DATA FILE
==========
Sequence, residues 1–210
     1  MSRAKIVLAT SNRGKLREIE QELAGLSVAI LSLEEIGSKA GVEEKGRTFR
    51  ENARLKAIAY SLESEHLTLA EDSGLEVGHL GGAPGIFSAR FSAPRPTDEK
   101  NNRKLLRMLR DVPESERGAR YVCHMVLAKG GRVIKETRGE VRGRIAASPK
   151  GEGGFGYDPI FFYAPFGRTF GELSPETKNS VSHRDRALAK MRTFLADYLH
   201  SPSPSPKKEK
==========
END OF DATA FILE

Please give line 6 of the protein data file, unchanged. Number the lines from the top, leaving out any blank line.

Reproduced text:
   201  SPSPSPKKEK